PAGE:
Garden Carpet Moth (Xanthorhoe fluctuata)

The Garden Carpet deserves its name, for it is a common species in gardens indeed. The groundcolour is some kind of creamy white, showing three clear dark patches. The first is a very dark band running all over the wing at the basic part. We may also say it has very dark shoulders. The middle of the wing also shows the beginning of a band, usually more brownish than the one at the shoulder. This band is very wide at the edge of the forewing, but narrows and stops or fades out half way. In similar species, such as the Galium Carpet and the Common Carpet this second band runs over the entire wing. That's a good way of telling the Garden Carpet apart. Almost at the tip of the wing a third band appears to be starting. Usually it consists of two black spots, but the second spot might be missing. The underwings are also marked. Melanistic forms do turn up regularly, but appear to be a local speciality in some regions only. The resting pose is typical of the geometer family. The Garden Carpet is not very large, for it only reaches a wingspan of 27 to 31 mm.

This usually is a double-brooded species, but often has one generation in the far north and sometimes three in the south of England. It may overwinter being a pupa, but is also seen overwintering as a larva. The caterpillar is extremely variable in colouring: it might be whitish, brownish, greenish or even pinkish. And combinations of these colours also appear every now and then. There are small white dots on the back, which are very striking in darker specimens. The head is yellowish brown. The caterpillars are not seen regularly as they only feed during the night. They will reach a length of some 25 mm. The Garden Carpet pupates in a cocoon in a small hole in the soil. The caterpillars eat crucifers mainly, such as wall-rocket and garlic mustard, but will feed on cabbage and other garden plants as well. In contrast to the easy to find caterpillars of the various whites, the caterpillars of the Garden Carpet are very hard to find on cabbage, doing their damage at night only.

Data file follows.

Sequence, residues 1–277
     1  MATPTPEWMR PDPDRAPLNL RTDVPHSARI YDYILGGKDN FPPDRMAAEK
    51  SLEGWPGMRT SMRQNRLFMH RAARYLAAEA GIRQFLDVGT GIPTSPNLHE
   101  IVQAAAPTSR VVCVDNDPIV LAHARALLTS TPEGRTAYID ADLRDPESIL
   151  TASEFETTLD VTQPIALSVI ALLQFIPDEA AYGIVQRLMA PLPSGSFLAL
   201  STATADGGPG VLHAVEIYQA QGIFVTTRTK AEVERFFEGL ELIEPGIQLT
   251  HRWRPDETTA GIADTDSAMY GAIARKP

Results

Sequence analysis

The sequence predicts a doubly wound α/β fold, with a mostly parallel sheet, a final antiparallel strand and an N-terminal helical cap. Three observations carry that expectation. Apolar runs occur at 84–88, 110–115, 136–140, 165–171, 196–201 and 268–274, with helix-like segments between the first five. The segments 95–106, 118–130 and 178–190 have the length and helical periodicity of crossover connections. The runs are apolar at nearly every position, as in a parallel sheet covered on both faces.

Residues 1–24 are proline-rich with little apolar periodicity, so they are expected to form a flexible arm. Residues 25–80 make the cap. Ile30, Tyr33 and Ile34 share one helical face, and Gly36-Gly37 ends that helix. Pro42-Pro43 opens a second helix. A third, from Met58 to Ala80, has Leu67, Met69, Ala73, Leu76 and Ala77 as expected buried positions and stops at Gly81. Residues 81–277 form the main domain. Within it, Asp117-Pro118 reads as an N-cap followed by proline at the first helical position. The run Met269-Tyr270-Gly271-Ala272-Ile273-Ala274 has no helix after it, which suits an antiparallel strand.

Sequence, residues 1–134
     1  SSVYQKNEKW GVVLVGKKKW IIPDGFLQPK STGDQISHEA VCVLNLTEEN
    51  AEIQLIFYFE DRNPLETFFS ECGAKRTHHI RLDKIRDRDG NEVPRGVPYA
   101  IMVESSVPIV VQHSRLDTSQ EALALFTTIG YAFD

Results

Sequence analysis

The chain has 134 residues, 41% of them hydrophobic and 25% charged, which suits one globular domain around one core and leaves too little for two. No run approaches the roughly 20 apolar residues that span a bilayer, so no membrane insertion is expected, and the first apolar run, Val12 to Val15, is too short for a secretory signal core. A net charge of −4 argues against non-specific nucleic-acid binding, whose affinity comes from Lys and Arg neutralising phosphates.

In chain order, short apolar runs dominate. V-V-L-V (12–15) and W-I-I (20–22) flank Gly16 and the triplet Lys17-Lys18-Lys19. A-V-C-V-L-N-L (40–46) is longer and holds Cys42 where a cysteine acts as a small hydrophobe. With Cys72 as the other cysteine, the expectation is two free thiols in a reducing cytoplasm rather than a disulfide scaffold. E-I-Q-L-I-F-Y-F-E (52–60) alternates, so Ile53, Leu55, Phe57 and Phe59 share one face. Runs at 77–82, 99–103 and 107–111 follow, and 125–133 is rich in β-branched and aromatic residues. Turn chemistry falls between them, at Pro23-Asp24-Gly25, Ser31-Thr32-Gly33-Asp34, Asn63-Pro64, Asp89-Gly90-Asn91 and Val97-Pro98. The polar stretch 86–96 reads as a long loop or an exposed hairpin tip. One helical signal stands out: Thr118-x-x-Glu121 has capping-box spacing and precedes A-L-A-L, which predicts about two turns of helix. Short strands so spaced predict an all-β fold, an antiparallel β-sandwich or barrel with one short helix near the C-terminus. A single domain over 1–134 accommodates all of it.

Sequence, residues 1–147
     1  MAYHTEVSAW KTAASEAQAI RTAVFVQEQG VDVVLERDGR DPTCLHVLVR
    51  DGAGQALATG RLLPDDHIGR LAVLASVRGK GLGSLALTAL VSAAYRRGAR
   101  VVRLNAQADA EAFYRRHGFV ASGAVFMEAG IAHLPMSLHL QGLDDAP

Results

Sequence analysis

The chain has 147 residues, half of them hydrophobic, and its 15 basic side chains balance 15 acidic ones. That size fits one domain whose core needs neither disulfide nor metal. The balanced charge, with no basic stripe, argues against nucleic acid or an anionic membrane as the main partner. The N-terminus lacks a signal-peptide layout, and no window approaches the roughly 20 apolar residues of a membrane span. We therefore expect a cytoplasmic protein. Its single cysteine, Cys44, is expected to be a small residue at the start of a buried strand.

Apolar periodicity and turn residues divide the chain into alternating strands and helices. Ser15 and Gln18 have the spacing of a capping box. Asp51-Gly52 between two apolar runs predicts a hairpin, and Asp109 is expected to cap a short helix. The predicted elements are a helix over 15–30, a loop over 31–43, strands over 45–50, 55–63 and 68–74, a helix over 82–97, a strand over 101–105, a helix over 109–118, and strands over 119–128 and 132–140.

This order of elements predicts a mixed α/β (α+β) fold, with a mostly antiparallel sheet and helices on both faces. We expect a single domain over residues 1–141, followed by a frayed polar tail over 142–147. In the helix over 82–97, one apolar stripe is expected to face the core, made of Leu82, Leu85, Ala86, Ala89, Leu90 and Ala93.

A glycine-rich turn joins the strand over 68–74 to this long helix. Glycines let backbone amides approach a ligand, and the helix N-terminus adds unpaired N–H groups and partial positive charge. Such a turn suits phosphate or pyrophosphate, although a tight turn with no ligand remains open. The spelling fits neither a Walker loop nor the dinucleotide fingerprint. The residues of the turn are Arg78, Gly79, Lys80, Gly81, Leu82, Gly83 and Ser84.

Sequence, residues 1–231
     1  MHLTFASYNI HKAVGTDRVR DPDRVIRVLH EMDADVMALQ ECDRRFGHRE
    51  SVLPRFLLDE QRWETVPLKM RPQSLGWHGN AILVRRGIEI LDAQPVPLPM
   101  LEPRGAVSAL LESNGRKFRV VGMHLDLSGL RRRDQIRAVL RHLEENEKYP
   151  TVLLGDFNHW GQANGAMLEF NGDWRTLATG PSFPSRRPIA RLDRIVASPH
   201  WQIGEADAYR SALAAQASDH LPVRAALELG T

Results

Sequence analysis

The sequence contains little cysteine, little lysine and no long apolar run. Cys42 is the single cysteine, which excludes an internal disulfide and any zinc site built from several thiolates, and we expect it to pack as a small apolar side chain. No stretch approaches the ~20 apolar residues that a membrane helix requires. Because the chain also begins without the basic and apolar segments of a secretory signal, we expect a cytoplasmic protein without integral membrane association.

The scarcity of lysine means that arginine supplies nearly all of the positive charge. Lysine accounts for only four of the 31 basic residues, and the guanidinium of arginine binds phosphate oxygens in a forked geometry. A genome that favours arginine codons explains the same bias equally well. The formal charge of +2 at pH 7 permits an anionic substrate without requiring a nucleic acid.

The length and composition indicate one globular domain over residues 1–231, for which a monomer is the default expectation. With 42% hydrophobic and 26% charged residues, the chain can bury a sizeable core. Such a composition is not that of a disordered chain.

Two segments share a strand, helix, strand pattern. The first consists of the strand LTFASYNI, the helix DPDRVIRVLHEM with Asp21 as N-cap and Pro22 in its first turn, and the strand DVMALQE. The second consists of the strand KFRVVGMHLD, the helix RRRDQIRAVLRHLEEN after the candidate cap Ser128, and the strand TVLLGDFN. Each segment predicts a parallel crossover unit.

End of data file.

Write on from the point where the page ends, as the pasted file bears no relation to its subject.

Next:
The Garden Carpet flies about for a long time each year, because it appears in April and the last are often seen in October. However it never appears in great numbers. It has nothing against human presence and often rests during the day on walls, fences etcetera. Comes freely to lights. A common species, especially in suburban areas, found all through the British Isles. On the continent een common species too.